When, in previous times, for example in the eighteenth and nineteenth centuries, martens were present in this airt, there would of course, have been no grey squirrels present. So, imagine the delight of the new generation of pine marten, when they found their way back into this landscape after a long absence, to discover grey squirrels in such abundance. Lots of food that was, compared with red squirrels, much easier to catch and which when hunted down, also provided much better eating!
Hence, pine marten have prospered and now turn up in some quite unexpected places. And as a bonus, where those grey squirrels once held sway, instead red squirrels have made a real come back. I find it mildly amusing that many wildlife books tell us that pine marten are extremely shy creatures and so very difficult to see. Perhaps that appeared to be the case when they were so scarce but it should be remembered that when man's hand was firmly set against predators of any kind, pine marten were enthusiastically pursued, prodded from the shelter of trees with long poles and fallen upon by dogs. Therefore, pine marten had every reason to avoid the presence of human kind.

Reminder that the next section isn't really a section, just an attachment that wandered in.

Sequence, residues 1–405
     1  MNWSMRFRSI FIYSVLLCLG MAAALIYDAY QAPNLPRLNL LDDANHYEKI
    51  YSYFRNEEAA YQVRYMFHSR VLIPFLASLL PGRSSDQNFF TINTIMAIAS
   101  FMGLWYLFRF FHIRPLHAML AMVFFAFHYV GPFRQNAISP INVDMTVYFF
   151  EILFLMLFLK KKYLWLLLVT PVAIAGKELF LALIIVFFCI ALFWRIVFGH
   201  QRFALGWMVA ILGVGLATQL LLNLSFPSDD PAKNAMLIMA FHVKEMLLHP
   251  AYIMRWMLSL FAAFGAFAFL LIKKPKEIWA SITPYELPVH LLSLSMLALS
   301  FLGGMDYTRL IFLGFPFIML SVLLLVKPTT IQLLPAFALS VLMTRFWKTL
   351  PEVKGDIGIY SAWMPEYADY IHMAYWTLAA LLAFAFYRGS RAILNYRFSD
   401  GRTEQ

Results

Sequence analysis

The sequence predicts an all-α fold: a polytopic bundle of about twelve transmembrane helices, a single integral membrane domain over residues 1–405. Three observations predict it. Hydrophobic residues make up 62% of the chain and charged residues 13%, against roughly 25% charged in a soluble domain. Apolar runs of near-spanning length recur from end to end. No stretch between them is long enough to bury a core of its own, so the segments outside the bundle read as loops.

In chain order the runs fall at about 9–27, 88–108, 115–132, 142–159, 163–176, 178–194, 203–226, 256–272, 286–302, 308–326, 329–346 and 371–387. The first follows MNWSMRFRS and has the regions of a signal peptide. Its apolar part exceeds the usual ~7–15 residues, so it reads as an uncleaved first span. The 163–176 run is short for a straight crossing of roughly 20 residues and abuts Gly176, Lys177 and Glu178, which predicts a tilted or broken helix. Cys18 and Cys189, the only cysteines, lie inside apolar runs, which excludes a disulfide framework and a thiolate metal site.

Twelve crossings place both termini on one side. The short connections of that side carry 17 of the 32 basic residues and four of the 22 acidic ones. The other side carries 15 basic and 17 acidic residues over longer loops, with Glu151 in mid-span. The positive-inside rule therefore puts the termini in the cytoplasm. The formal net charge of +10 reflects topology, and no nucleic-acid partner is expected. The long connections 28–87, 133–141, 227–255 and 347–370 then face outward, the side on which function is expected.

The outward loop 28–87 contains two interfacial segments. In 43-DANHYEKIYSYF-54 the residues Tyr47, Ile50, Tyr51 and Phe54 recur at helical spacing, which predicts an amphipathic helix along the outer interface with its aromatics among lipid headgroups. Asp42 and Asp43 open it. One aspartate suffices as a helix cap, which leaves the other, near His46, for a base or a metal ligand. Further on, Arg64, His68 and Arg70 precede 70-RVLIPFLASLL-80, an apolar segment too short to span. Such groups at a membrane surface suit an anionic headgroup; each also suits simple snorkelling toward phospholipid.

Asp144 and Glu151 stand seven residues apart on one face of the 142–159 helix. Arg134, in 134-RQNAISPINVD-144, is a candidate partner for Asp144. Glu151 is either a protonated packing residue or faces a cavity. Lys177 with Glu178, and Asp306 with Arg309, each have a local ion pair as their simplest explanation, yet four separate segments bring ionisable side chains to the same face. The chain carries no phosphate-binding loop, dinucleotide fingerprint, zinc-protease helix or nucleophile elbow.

However, the new generations seem to have developed a different relationship with us for I know of many instances where martens have set up home in the roof space of houses. One such 'squat' happened in the house of a friend. Over the period of that summer, we learned that a pine marten harvest also includes strawberry jam sandwiches, peanut butter and the odd domestic egg or three as well as small mammals, the young of nesting birds and when the time comes, the fruits of our hedgerows!
Furthermore, they will be on the lookout for those red squirrels, which during the next few weeks will be so focussed on bringing in their own harvests of nuts, beech-mast and seeds, that their guards may just be down. Harvest time is coming for all sorts of creatures great and small!